HMS Dittany was a Flower-class corvette of the Royal Navy during the Second World War. On 14 August 1942, the name Beacon was approved for PG 88, a modified Flower-class corvette being built at Collingwood, Canada. Records indicate that Beacon was to have been accepted under "reverse lend lease", commissioned in Canada, taken to the Boston Navy Yard for outfitting. Assigned, first, to the United Kingdom on 30 January 1943, but reassigned to the US Navy on 7 March 1943, she was reassigned again to the Royal Navy on 31 May 1943, commissioned as HMS Dittany, her original British name, she served under that name for the rest of the war. List of United States Navy ships This article incorporates text from the public domain Dictionary of American Naval Fighting Ships; the entry can be found here. NavSource Online: Gunboat Photo Archive - HMS Dittany ex-USS Beacon ex-HMS Dittany HMS Dittany at uboat.net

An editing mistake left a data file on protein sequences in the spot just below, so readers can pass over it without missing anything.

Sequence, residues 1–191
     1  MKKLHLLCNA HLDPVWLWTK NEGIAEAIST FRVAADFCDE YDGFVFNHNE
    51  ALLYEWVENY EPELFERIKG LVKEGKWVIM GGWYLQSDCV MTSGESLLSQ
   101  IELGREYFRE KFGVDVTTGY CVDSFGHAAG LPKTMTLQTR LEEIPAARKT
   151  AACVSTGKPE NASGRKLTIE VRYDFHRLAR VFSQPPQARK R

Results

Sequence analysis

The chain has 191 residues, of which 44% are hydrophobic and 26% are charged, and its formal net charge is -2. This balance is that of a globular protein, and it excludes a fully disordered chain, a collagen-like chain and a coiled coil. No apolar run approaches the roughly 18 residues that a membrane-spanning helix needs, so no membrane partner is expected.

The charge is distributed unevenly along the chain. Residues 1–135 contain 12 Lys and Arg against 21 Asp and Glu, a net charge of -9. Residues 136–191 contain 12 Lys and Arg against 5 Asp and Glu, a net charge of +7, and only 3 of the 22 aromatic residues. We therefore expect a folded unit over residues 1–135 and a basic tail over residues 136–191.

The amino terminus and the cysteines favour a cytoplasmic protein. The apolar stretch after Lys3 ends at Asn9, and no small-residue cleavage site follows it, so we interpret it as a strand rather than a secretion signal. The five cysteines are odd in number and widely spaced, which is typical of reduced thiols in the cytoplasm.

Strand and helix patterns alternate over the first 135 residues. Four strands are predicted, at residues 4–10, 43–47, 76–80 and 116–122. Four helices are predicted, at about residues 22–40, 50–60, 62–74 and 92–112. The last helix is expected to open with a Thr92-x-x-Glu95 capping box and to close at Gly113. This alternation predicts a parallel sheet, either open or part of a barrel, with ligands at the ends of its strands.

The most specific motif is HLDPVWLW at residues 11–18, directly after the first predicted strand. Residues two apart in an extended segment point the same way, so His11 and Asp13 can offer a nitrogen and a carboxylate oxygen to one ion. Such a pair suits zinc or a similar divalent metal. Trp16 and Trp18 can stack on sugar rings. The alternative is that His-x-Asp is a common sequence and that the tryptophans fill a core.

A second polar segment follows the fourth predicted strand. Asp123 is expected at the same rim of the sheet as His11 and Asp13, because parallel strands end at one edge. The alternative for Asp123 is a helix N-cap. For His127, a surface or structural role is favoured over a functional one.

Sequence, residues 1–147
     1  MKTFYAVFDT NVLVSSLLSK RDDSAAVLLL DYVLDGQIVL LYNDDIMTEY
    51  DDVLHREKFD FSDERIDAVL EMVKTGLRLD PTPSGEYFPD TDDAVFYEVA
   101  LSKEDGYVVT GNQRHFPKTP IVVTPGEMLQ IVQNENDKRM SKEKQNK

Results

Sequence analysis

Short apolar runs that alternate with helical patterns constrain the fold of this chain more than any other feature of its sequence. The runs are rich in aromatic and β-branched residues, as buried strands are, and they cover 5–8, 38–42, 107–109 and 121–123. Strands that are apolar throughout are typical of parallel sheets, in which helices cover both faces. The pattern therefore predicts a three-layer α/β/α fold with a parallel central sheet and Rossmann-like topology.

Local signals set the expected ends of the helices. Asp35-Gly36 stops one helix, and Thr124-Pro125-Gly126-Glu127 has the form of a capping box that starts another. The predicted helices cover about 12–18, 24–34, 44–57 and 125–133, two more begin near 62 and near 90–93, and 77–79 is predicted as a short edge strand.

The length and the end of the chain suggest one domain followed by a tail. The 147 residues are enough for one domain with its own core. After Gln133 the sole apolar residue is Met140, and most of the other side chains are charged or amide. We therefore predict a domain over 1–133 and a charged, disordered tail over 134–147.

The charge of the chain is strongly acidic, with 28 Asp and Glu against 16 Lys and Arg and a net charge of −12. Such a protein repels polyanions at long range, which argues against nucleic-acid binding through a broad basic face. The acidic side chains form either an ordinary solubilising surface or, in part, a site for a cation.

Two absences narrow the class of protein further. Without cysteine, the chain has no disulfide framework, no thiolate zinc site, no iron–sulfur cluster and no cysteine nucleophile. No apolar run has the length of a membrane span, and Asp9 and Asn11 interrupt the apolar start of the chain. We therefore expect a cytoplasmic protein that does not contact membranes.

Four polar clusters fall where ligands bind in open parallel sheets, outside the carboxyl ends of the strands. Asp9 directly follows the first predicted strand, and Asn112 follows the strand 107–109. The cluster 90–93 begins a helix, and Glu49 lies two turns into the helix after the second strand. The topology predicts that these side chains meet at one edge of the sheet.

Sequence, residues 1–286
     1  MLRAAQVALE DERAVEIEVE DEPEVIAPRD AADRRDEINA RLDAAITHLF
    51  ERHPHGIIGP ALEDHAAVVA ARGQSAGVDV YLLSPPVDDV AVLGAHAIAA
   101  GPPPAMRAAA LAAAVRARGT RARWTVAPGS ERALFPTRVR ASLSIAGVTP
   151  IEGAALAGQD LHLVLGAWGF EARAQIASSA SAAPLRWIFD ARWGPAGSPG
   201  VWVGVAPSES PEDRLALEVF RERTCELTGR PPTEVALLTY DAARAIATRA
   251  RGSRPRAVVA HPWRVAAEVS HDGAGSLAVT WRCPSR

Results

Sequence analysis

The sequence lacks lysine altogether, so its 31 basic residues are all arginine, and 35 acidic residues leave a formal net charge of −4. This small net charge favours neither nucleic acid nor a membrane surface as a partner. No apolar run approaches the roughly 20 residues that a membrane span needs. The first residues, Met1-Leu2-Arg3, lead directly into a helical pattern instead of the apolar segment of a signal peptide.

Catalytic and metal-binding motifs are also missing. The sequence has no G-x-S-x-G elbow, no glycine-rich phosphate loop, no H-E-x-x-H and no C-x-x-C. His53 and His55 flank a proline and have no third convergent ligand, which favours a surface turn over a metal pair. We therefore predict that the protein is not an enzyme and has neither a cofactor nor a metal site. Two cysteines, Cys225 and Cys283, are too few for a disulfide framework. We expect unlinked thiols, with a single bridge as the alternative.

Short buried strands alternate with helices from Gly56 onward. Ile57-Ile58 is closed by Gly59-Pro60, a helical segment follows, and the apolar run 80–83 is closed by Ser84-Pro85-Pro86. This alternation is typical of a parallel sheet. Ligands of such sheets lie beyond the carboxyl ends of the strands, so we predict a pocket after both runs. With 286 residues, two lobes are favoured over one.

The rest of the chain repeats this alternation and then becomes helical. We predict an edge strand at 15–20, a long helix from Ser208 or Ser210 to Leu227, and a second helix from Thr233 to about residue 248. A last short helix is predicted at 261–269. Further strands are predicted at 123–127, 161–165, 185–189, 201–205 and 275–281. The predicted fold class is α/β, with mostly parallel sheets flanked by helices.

List of universities in the Netherlands

A listing of universities in the Kingdom of the Netherlands: Research universities in the Netherlands are institutions of tertiary education that in Dutch are called universiteit. Their focus is towards academic education and scientific research, they are accredited to confer master's and doctoral degrees. Prior to the Bologna Process, the universities granted drs. mr. and ir. degrees, which are equivalent to current MBA, MA, LLM or MSc degrees. The term universiteit is reserved to doctorate granting institutes in the Dutch context, the additional qualifier "research" is hardly used in practice. † 2003-2004. All figures without signs are estimates or from undated sources. According to Dutch law, it is illegal to use protected titles which can only be given by universities that are accredited. Protected titles are ing. bc. mr. ir. drs. and dr. English variants are not protected by Dutch law. One may bear in the Netherlands foreign titles according to the laws of the country wherein they were granted, but without translating them in Dutch.